fighters. Contributing factors in less effective enemy performance in Iraq
include better training and equipment for American and Coalition troops. But
most of the reason for the historically low casualty rates in Iraq have to do
with Iraqis who don't know how to fight effectively.
IEDs are another matter. They are mainly a
matter of technology, planning and careful preparation for the attack. These
are all things Iraqi Sunni Arabs are good at. You also suffer a lot fewer
casualties by using IEDs, so the weapon is good for the morale of the users.
From 2002-2006, the IED has been used more and more in Iraq. While only 5,607
IEDs were placed in 2004, there were 10,953 encountered in 2005. But American
troops responded to the threat. In 2004, about a quarter of IEDs actually went
off and hurt someone. In 2005, that rate declined to ten percent, and kept
falling. This has been very frustrating for the terrorists and nerve wracking
for the American troops on the receiving end. While billions of dollars has
been put into developing new devices to counter IEDs, the best defensive tool
is still alert troops, who have been briefed on the latest intel about what
kind of IEDs are being planted.
Technology, in the form of electronic jammers
(to interfere with detonation), UAVs (to fly over routes looking for IEDs, or
people planting them) and intel analysis (to identify IED characteristics, and
that of their makers) have contributed a lot, to nullifying most IEDs. But in
the end, it's the troops in the vehicles subject to attack who are the last,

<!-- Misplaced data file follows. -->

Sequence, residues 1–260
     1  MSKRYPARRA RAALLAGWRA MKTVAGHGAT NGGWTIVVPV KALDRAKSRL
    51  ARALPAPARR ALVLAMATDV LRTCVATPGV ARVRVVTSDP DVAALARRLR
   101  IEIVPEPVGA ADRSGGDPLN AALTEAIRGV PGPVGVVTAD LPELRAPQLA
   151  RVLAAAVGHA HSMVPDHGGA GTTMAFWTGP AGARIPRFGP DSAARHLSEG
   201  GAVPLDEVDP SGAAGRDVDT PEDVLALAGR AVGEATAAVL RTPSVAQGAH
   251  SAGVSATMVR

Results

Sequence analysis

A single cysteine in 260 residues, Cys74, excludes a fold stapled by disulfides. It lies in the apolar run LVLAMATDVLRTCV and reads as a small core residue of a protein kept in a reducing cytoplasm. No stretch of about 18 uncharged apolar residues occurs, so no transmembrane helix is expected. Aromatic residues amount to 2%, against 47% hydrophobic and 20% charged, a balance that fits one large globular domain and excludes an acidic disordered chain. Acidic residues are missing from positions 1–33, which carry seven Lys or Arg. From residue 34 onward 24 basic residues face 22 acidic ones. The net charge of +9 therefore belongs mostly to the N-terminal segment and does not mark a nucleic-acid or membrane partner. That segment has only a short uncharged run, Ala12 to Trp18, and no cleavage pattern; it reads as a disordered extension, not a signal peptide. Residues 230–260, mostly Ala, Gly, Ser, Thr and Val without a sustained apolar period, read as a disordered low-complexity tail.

and often most effective, line of defense. Up through 2007, IED use increased
enormously, but American casualties remained the same.
IEDs are the
weapon of a weak opponent. They kill many of your own people, and that
eventually destroys support from the people the terrorists say they are
fighting for. Unless IEDs can turn things around for the users, they are
self-defeating. This isn't sexy, and doesn't make for exciting journalism, but
there it is.
Afghanistan, there is growing use of IEDs, but nothing like what was seen in
Iraq. At the rate they are being encountered now, there will be about a
thousand IEDs used in Afghanistan this year. Actually, use peaked in the Spring,
at about 200 a month. Moreover, the Afghan IEDs are rather more crude than the
ones found in Iraq. Part of that is due to the lack of skilled personnel for
building, placing and detonating them. Actually, very few of the Afghan IEDs
are triggered by a wireless device. That's because of the growing effectiveness
of American jammers. Instead, many are detonated via a wire connection, or are
planted in a dirt road and act as an anti-vehicle mine. Some actually are
anti-vehicle mines, left over from the war with the Russians two decades ago.
But most are homemade anti-vehicle mines. These have one major shortcoming, and
that is their inability to tell Western troops from civilians, or even Taliban
or al Qaeda. As a result, the casualty rate in Afghanistan is even lower than
it was in Iraq. In both places, IEDs were a losers weapon.